The Turkish Cypriot businessman Ramadan Guney, a distant relative of Nadir's, put up a surety of pounds 1m. He has been ordered by Mr Justice Tucker to pay pounds 650,000 or face prison for two years.
Nadir's ex-wife Aysegul, who has absconded to Northern Cyprus, has been ordered to pay pounds 500,000 or face jail for 18 months. It is unlikely the court will be able to enforce this order. Nadir jumped bail of pounds 3.5m in May facing charges of theft and false accounting involving more than pounds 30m.
Mr Guney has long claimed that he cannot afford to meet the surety. His defence argued that the surety could not be forfeit because the Serious Fraud Office, in an embarrassing oversight, failed to renew the bail conditions as it should have done at a pre-trial hearing last year. Mr Guney also argued that, as the conditions stipulated, he had informed the Serious Fraud Office of fears that Nadir was planning to flee the UK. The SFO has confirmed receiving a call on Mr Guney's behalf several days before Nadir left. An all-ports warning was issued as a result.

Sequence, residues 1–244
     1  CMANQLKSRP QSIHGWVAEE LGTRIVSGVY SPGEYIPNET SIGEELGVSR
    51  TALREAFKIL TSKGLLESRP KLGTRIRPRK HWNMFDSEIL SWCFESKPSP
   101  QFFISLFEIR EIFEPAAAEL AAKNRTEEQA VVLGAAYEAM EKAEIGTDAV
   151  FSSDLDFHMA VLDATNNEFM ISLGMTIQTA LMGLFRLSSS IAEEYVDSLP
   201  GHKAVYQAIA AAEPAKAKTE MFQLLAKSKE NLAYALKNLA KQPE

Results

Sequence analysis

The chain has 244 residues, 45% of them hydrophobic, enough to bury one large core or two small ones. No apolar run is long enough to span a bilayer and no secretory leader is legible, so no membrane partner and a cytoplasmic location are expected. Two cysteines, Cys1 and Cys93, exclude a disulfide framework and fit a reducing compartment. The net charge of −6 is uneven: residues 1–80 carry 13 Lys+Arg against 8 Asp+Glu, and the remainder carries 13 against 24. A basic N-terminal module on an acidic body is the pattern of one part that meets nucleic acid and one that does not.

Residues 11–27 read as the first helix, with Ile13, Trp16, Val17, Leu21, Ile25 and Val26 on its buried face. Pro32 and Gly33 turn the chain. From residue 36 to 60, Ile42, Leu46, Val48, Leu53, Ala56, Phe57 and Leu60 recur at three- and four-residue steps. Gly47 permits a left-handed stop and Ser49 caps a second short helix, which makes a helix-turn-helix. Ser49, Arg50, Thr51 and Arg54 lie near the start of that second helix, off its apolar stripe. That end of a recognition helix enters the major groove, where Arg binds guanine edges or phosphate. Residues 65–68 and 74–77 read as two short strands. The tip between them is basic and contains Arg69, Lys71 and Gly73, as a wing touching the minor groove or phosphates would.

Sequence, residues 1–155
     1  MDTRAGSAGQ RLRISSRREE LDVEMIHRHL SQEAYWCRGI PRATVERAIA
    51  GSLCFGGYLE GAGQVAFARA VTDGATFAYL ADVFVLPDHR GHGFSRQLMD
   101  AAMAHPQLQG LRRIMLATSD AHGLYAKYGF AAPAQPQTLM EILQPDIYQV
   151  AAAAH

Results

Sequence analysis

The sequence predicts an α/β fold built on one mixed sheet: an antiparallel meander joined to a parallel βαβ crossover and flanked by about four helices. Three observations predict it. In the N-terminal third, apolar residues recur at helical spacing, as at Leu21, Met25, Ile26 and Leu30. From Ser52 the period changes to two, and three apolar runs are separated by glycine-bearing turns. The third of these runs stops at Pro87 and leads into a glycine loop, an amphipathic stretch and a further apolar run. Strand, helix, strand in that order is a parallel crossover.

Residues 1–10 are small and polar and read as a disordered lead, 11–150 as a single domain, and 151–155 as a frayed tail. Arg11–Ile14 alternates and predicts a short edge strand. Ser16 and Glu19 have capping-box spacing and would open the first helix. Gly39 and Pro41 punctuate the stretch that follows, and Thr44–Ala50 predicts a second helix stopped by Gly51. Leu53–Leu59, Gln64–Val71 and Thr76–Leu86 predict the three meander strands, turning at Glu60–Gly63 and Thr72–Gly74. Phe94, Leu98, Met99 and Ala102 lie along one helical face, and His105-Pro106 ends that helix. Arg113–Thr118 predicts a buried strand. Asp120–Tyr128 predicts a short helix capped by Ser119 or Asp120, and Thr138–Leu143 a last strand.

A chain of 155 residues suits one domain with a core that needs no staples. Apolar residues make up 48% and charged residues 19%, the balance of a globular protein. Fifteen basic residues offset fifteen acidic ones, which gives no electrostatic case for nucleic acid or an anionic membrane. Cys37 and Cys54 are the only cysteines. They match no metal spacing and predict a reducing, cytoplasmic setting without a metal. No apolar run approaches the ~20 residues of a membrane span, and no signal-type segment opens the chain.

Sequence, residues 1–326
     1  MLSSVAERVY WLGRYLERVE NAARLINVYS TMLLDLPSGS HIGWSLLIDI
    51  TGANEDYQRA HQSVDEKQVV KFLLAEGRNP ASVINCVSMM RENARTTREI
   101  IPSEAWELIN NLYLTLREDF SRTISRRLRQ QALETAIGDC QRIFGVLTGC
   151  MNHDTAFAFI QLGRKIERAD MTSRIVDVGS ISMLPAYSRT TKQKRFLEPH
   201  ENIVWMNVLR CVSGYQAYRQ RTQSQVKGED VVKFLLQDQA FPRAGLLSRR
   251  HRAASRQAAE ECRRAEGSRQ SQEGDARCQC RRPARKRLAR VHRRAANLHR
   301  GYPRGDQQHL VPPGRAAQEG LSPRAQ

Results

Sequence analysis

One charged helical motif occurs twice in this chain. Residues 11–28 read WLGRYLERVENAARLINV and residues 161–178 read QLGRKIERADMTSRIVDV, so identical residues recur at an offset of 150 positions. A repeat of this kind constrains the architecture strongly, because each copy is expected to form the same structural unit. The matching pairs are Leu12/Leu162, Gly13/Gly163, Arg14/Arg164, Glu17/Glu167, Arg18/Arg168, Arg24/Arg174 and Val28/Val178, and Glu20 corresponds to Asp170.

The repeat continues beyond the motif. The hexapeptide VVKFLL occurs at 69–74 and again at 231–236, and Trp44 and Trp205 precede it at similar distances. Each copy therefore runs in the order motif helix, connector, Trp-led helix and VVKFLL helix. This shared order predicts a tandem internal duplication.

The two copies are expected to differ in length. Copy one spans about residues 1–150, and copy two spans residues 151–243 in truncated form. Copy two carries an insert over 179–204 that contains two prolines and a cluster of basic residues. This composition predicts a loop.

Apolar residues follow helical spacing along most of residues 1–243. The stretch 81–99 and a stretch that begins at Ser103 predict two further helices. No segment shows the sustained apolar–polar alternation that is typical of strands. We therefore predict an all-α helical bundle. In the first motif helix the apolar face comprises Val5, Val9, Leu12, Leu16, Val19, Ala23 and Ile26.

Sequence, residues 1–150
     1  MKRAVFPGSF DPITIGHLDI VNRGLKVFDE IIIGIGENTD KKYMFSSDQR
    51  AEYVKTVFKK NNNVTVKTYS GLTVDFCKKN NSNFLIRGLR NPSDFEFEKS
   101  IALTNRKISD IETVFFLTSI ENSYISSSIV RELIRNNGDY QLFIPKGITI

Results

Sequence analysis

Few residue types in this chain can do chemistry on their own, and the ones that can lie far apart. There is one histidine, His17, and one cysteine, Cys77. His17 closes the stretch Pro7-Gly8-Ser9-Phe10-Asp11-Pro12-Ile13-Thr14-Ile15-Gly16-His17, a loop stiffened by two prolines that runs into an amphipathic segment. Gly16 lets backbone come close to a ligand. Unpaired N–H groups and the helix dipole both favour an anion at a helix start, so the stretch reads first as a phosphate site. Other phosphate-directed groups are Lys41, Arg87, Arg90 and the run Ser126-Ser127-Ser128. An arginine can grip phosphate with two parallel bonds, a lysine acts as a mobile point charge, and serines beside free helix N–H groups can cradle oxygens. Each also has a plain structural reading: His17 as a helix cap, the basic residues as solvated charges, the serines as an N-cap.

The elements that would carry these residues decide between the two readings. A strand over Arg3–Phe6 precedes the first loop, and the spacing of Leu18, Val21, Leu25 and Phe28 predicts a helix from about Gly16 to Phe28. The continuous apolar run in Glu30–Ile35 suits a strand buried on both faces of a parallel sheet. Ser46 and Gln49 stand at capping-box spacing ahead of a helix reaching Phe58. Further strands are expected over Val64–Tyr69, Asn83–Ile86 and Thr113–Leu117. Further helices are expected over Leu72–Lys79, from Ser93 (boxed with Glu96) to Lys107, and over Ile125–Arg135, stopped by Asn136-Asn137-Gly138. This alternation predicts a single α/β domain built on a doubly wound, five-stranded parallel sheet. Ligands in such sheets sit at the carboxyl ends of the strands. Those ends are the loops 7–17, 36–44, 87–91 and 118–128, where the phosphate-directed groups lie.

Justice Tucker, who heard most of the proceedings in chambers, apparently dismissed these arguments. He postponed a decision on the fate of the sureties earlier this year because Mr Guney was ill. Stress connected with the prospect of having to pay the surety brought on a minor stroke.
Mr Justice Tucker also ruled out a request by Nadir's administrators that pounds 250,000 interest on a bail security of pounds 2m be returned to them. Mr Justice Tucker said: 'In a case where a defendant absconds, it would be totally abhorrent if the court were required to sign a cheque forwarding the interest on to those who had deposited the money, particularly if it was the defendant.'Reuse content